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White v. Bukowski

United States District Court, C.D. Illinois, Urbana Division

April 22, 2014

WENONA WHITE, Plaintiff,


COLIN S. BRUCE, District Judge.

This case is before the court for ruling on Defendants' Motion for a Pavey Hearing (#36).[1] This court has carefully considered Defendants' Motion, Plaintiff's Memorandum in Response (#40), and Defendants' Reply (#42). After careful consideration, this court concludes that a Pavey hearing should be held in this case. Accordingly, Defendants' Motion (#36) is GRANTED. This case is scheduled for a telephone status conference on April 28, 2014, at 9:30 a.m. so the case can be set for a Pavey hearing.


On September 19, 2011, Plaintiff, Wenona White, filed a Complaint (#1) pursuant to 42 U.S.C. § 1983 against Defendants, Timothy F. Bukowski, Lt. Michael Downey, Heather Gill, Timothy J. Menard, Clyde W. Dayhoff, and Charee Sangster. Plaintiff alleged that she was booked into the Kankakee County Detention Center as an inmate on September 11, 2009. She alleged that she was in the late stages of pregnancy. She alleged that, on September 22, 2009, she went into labor and was eventually transported to the hospital. She alleged that a C-section was performed and the baby girl delivered was born with serious, nearly fatal birth defects caused by oxygen deprivation due to a condition known as placenta previa. Plaintiff alleged that the serious and substantial birth defects could have been prevented had Defendants provided her with proper medical care and attention while she was incarcerated at the Kankakee County Detention Center from September 11, 2009, until the birth of the baby on September 22, 2009. Defendants filed their Answer and Affirmative Defenses (#16) on November 3, 2011. One of the affirmative defenses was that Plaintiff failed to exhaust the grievance procedure available to her at the Kankakee County Detention Center prior to filing her federal lawsuit. Discovery orders were entered in this case, and discovery has proceeded.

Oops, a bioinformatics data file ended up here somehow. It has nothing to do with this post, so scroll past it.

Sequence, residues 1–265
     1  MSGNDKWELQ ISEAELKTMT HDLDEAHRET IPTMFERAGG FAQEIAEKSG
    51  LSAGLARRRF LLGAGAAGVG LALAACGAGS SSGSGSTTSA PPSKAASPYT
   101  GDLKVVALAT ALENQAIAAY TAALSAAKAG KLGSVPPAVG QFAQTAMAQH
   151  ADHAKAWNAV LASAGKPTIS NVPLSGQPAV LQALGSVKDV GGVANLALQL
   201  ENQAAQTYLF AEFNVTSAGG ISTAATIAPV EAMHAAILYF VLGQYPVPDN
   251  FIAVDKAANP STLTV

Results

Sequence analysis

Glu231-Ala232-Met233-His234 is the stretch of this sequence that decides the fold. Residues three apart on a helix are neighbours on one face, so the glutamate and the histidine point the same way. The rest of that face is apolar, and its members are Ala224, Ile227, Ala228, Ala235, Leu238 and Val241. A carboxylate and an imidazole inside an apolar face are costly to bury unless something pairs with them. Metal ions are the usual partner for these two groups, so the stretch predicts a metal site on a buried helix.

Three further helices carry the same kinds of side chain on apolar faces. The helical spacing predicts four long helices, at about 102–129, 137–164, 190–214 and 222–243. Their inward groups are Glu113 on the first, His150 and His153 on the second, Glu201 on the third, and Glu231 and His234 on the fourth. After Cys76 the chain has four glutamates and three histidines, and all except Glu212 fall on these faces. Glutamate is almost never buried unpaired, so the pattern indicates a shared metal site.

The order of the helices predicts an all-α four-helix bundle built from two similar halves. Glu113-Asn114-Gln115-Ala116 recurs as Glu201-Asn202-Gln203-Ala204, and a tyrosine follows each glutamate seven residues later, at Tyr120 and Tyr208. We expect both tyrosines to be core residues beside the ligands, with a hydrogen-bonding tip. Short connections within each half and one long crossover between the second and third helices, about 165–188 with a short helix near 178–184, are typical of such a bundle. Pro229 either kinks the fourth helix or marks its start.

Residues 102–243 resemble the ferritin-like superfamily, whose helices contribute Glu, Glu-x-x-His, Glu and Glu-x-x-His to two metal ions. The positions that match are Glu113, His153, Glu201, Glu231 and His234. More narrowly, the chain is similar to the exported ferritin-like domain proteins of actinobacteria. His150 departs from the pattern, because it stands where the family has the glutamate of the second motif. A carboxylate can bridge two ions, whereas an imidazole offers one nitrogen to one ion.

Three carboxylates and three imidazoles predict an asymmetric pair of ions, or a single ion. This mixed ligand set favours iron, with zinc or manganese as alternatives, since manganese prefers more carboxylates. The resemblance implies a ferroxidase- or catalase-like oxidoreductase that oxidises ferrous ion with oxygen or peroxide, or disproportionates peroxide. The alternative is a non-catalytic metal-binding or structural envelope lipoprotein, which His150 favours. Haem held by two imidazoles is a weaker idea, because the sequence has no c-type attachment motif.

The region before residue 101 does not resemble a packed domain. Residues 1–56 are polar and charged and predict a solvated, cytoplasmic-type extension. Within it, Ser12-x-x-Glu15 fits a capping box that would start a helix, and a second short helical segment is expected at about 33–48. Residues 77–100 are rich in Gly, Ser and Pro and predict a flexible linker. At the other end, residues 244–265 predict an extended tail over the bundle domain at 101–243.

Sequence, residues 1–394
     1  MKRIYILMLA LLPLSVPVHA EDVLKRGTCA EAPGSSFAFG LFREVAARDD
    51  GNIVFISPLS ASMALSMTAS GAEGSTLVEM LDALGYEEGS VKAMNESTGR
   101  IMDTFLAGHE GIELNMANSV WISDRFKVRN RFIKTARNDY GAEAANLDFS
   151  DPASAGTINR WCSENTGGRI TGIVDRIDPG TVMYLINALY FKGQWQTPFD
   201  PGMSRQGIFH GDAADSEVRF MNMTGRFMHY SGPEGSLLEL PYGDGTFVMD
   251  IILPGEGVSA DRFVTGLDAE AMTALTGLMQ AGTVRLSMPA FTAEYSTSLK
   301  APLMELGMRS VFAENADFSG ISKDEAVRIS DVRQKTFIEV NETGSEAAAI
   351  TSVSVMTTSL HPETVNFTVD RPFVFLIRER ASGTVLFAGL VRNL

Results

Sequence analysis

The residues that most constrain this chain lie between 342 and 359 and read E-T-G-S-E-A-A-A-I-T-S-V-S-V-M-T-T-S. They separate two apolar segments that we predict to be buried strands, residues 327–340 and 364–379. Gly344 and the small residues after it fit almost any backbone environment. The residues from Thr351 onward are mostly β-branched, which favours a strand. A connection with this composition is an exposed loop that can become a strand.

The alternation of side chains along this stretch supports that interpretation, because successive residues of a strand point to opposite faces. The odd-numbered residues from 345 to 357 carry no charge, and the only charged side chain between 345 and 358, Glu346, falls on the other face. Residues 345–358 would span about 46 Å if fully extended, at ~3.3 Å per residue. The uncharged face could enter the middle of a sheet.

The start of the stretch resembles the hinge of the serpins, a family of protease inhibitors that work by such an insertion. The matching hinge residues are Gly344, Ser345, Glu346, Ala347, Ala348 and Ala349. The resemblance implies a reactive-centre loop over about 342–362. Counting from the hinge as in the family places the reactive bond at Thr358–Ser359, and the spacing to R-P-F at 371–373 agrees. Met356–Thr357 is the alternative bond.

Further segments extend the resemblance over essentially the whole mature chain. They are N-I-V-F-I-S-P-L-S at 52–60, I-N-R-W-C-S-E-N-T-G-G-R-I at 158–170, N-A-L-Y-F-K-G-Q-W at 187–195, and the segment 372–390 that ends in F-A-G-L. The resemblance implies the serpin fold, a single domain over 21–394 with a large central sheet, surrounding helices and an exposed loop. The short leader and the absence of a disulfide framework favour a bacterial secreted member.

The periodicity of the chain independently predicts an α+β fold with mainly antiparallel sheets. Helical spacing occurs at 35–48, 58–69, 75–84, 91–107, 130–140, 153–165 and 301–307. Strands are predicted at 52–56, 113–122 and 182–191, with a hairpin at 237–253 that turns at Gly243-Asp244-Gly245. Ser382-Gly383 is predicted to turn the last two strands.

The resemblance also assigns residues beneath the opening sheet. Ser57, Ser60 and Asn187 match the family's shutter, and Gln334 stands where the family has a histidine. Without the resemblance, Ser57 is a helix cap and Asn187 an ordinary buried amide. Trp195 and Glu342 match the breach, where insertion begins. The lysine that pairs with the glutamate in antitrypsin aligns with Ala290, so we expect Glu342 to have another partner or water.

On March 6, 2014, Defendants filed a Motion for a Pavey Hearing (#36), with attached exhibits, including excerpts from the transcript of Plaintiff's deposition. Defendants argued that this court should conduct a Pavey hearing to determine whether Plaintiff has exhausted her administrative remedies pursuant to the Prison Litigation Reform Act (PLRA), 42 U.S.C. § 1997e(a). Defendants stated that the key players in Plaintiff's case had recently been deposed and it was clear that the issue of exhaustion was now ripe for consideration by the court.

Defendants argued that Plaintiff was detained at the Jerome Combs Detention Center (JCDC) from September 11, 2009 through September 30, 2009, except for a 96-hour window (between September 22 and 26) during which time she gave birth at Provena St. Mary's Hospital to a daughter, Johnay. Defendants stated that Plaintiff did not receive any prenatal care in July, August or September 2009 before her arrest. When she was seen by an intake officer on September 11, 2009, Plaintiff did not have any complaints in connection with her pregnancy and did not identify any special medical issues or problems. Defendants further stated that, on September 18, 2009, Physician's Assistant Timothy Menard attempted to examine and assess Plaintiff. Plaintiff refused to be seen and signed a Treatment Refusal Form after telling a nurse she did not want to go down to the jail's medical pod. Plaintiff testified at her deposition that she did not want to go to the medical pod because she was feeling sick, however, she also testified that she did not advise anyone when she signed the Treatment Refusal Form that she was feeling sick.